• Welcome to the Chronicle Forums.
    Please complete your profile. The forums and the rest of www.chronofhorse.com has single sign-in, so your log in information for one will automatically work for the other. Disclaimer: The opinions expressed here are the views of the individual and do not necessarily reflect the views and opinions of The Chronicle of the Horse.

Announcement

Collapse
1 of 2 < >

Event Announcements now available FREE to all registered users

We just reconfigured the Event Announcements forum to be available as a free service for all registered forum users. See the thread stuck at the top of that forum for more information.
2 of 2 < >

Forum rules and no-advertising policy

As a participant on this forum, it is your responsibility to know and follow our rules. Please read this message in its entirety.

Board Rules

1. You’re responsible for what you say.
As outlined in Section 230 of the Communications Decency Act, The Chronicle of the Horse and its affiliates, as well Jelsoft Enterprises Ltd., the developers of vBulletin, are not legally responsible for statements made in the forums.

This is a public forum viewed by a wide spectrum of people, so please be mindful of what you say and who might be reading it—details of personal disputes are likely better handled privately. While posters are legally responsible for their statements, the moderators may in their discretion remove or edit posts that violate these rules. Users have the ability to modify or delete their own messages after posting, but administrators generally will not delete posts, threads or accounts upon request.

Outright inflammatory, vulgar, harassing, malicious or otherwise inappropriate statements and criminal charges unsubstantiated by a reputable news source or legal documentation will not be tolerated and will be dealt with at the discretion of the moderators.

2. Conversations in horse-related forums should be horse-related.
The forums are a wonderful source of information and support for members of the horse community. While it’s understandably tempting to share information or search for input on other topics upon which members might have a similar level of knowledge, members must maintain the focus on horses.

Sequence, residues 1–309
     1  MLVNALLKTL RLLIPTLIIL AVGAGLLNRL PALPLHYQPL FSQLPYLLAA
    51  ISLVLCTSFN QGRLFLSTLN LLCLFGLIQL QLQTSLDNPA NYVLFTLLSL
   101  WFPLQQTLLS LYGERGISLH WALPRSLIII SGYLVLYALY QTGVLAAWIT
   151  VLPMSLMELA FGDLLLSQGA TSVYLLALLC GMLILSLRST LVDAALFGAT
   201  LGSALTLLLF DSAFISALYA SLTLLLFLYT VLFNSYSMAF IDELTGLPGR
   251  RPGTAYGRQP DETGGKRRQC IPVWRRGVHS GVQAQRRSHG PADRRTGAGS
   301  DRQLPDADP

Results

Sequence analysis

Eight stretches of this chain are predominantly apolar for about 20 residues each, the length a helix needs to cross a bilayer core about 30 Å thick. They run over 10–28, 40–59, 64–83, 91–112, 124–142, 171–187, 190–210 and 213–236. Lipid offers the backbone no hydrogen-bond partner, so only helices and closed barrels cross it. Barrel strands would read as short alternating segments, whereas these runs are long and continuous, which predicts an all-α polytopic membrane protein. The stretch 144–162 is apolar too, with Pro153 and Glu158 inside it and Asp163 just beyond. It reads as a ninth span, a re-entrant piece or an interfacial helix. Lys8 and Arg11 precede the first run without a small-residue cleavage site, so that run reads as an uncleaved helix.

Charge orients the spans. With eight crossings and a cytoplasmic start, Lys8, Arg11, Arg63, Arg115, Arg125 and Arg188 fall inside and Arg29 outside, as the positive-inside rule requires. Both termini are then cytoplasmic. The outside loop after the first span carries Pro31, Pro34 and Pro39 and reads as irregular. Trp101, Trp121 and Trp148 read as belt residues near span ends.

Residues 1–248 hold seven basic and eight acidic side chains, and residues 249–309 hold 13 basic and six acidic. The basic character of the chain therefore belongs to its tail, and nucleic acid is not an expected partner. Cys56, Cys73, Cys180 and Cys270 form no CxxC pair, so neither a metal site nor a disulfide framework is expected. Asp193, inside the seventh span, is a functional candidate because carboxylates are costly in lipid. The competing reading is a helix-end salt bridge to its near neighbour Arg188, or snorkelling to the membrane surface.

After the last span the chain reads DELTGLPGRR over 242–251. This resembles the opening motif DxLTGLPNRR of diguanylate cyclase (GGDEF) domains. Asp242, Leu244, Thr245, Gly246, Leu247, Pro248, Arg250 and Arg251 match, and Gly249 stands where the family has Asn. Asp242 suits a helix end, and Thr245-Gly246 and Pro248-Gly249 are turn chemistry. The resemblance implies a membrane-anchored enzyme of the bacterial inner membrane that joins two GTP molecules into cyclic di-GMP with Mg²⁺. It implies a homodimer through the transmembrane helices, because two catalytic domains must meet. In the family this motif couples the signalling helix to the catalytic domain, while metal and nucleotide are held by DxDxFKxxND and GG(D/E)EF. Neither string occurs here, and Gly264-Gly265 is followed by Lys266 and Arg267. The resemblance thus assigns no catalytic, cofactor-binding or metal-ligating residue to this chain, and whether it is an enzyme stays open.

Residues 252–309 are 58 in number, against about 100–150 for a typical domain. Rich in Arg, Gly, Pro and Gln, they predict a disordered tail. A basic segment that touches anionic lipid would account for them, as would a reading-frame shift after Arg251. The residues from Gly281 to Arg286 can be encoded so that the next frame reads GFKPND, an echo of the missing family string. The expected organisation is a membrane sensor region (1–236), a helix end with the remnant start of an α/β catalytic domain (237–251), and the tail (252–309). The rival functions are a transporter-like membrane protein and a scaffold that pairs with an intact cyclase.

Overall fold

3. Keep conversations productive, on topic and civil.
Discussion and disagreement are inevitable and encouraged; personal insults, diatribes and sniping comments are unproductive and unacceptable. Whether a subject is light-hearted or serious, keep posts focused on the current topic and of general interest to other participants of that thread. Utilize the private message feature or personal email where appropriate to address side topics or personal issues not related to the topic at large.

4. No advertising in the discussion forums.
Posts in the discussion forums directly or indirectly advertising horses, jobs, items or services for sale or wanted will be removed at the discretion of the moderators. Use of the private messaging feature or email addresses obtained through users’ profiles for unsolicited advertising is not permitted.

Company representatives may participate in discussions and answer questions about their products or services, or suggest their products on recent threads if they fulfill the criteria of a query. False "testimonials" provided by company affiliates posing as general consumers are not appropriate, and self-promotion of sales, ad campaigns, etc. through the discussion forums is not allowed.

Paid advertising is available on our classifieds site and through the purchase of banner ads. The tightly monitored Giveaways forum permits free listings of genuinely free horses and items available or wanted (on a limited basis). Items offered for trade are not allowed.

Advertising Policy Specifics
When in doubt of whether something you want to post constitutes advertising, please contact a moderator privately in advance for further clarification. Refer to the following points for general guidelines:

Horses – Only general discussion about the buying, leasing, selling and pricing of horses is permitted. If the post contains, or links to, the type of specific information typically found in a sales or wanted ad, and it’s related to a horse for sale, regardless of who’s selling it, it doesn’t belong in the discussion forums.

Stallions – Board members may ask for suggestions on breeding stallion recommendations. Stallion owners may reply to such queries by suggesting their own stallions, only if their horse fits the specific criteria of the original poster. Excessive promotion of a stallion by its owner or related parties is not permitted and will be addressed at the discretion of the moderators.

Services – Members may use the forums to ask for general recommendations of trainers, barns, shippers, farriers, etc., and other members may answer those requests by suggesting themselves or their company, if their services fulfill the specific criteria of the original post. Members may not solicit other members for business if it is not in response to a direct, genuine query.

Products – While members may ask for general opinions and suggestions on equipment, trailers, trucks, etc., they may not list the specific attributes for which they are in the market, as such posts serve as wanted ads.